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Original Poster2 points · 7 hours ago

Journal reference:

Up and away: ontogenic transference as a pathway for aerial dispersal of microplastics

Rana Al-Jaibachi, Ross N. Cuthbert, Amanda Callaghan

Biology Letters 2018

Published 19 September 2018

DOI: 10.1098/rsbl.2018.0479

Link: http://rsbl.royalsocietypublishing.org/content/14/9/20180479

Abstract

Microplastics (MPs) are ubiquitous pollutants found in marine, freshwater and terrestrial ecosystems. With so many MPs in aquatic systems, it is inevitable that they will be ingested by aquatic organisms and be transferred up through the food chain. However, to date, no study has considered whether MPs can be transmitted by means of ontogenic transference, i.e. between life stages that use different habitats. Here, we determine whether fluorescent polystyrene beads could transfer between Culex mosquito life stages and, particularly, could move into the flying adult stage. We show for the first time that MPs can be transferred ontogenically from a feeding (larva) into a non-feeding (pupa) life stage and subsequently into the adult terrestrial life stage. However, transference is dependent on particle size, with smaller 2 µm MPs transferring readily into pupae and adult stages, while 15 µm MPs transferred at a significantly reduced rate. MPs appear to accumulate in the Malpighian tubule renal excretion system. The transfer of MPs to the adults represents a potential aerial pathway to contamination of new environments. Thus, any organism that feeds on terrestrial life phases of freshwater insects could be impacted by MPs found in aquatic ecosystems.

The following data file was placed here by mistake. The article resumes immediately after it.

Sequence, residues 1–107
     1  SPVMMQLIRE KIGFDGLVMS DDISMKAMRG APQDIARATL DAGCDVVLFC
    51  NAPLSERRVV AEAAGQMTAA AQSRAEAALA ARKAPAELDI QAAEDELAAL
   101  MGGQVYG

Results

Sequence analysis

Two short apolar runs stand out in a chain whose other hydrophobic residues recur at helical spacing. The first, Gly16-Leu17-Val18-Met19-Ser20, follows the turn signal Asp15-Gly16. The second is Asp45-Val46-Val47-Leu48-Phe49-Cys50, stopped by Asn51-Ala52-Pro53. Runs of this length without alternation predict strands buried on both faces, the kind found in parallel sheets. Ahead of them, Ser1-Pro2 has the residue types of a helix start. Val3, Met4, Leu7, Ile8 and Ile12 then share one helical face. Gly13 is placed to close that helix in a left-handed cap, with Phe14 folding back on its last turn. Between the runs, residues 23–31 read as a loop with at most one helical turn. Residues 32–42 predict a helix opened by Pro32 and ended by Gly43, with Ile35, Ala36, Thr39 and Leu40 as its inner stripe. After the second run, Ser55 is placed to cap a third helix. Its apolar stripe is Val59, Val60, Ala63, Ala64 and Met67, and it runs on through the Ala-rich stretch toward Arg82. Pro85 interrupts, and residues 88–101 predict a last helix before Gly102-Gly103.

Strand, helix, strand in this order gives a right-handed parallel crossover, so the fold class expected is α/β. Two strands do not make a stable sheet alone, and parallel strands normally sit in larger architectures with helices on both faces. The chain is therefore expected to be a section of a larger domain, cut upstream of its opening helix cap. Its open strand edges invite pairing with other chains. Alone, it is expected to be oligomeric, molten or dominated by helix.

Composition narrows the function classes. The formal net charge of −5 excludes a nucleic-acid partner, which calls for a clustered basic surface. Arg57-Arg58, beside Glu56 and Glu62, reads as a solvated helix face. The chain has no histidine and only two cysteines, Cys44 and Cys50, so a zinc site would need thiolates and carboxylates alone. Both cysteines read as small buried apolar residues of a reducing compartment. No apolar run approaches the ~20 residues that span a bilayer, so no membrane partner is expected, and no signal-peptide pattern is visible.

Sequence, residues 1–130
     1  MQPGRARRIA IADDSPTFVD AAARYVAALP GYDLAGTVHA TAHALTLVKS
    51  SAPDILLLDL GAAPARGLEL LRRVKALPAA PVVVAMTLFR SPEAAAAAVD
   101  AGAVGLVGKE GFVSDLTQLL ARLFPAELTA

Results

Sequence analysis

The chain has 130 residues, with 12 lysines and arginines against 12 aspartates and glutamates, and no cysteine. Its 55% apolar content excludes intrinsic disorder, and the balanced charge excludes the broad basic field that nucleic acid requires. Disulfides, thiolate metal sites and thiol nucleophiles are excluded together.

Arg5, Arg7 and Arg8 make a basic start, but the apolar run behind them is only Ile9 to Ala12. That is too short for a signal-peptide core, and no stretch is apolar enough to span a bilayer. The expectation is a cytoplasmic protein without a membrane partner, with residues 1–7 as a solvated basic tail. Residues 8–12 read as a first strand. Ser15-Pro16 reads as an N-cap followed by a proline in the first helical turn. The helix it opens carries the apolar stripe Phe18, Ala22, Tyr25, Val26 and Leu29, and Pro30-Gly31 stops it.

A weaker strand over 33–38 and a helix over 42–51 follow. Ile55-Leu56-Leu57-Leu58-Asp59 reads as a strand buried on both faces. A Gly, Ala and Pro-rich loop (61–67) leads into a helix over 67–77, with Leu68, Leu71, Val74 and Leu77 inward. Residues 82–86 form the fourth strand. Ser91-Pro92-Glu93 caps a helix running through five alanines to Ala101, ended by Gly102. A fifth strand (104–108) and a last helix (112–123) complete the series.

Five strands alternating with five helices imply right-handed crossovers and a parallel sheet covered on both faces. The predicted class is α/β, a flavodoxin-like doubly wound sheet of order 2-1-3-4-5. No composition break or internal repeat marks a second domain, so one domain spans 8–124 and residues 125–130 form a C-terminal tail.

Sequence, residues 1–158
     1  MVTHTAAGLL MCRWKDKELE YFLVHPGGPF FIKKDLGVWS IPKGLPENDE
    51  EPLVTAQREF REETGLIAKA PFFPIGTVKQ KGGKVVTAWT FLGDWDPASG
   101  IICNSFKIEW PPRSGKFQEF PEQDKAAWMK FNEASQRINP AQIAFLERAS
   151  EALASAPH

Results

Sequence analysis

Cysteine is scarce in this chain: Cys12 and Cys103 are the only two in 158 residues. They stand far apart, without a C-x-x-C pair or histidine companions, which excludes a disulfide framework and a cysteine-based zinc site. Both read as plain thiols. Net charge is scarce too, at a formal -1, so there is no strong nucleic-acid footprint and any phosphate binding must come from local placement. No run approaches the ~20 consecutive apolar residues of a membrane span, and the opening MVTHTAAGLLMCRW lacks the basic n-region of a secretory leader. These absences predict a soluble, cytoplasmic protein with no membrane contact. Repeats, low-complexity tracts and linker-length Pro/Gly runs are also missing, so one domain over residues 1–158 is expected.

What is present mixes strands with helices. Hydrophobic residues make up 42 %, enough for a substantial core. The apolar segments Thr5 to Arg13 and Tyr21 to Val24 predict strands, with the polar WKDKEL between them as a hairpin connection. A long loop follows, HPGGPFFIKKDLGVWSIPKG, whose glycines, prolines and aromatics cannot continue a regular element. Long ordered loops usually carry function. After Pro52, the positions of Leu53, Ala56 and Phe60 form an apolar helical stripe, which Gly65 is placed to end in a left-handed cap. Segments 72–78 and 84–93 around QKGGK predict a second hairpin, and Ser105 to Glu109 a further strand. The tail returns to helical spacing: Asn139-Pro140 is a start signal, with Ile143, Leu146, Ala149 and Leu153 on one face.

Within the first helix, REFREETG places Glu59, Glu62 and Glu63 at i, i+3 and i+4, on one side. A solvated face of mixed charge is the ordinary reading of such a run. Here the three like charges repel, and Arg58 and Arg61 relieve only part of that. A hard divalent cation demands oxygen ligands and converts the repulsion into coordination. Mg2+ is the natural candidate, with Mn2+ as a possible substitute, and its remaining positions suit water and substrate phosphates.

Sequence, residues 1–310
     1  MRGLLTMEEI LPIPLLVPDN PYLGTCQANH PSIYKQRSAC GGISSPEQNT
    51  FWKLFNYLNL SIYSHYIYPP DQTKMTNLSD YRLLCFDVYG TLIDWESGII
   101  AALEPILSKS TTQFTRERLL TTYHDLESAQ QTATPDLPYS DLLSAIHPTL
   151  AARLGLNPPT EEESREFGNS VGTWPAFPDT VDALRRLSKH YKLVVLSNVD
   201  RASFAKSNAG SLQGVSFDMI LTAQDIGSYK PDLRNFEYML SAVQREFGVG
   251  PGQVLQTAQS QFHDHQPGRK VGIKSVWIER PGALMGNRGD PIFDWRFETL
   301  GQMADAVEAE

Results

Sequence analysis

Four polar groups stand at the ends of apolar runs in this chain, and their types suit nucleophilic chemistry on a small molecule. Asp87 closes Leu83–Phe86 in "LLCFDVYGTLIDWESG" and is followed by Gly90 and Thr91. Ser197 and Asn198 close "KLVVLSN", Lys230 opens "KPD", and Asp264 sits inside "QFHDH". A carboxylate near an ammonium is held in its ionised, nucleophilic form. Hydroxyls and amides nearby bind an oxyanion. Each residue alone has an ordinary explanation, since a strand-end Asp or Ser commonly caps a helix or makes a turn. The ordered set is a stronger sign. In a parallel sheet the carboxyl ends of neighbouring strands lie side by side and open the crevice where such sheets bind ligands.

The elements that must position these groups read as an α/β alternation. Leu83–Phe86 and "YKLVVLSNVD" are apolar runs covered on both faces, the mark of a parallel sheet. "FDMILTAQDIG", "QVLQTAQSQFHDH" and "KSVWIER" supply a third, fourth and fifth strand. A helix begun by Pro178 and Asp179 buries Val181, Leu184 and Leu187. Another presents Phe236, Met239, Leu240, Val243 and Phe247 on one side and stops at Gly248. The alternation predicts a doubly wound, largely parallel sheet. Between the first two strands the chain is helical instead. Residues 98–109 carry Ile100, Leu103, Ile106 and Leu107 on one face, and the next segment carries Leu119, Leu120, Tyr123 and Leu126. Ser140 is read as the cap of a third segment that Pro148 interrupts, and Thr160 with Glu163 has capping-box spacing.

Original Poster1 point · 7 hours ago

Journal reference:

Up and away: ontogenic transference as a pathway for aerial dispersal of microplastics

Rana Al-Jaibachi, Ross N. Cuthbert, Amanda Callaghan

Biology Letters 2018

Published 19 September 2018

DOI: 10.1098/rsbl.2018.0479

Link: http://rsbl.royalsocietypublishing.org/content/14/9/20180479

Abstract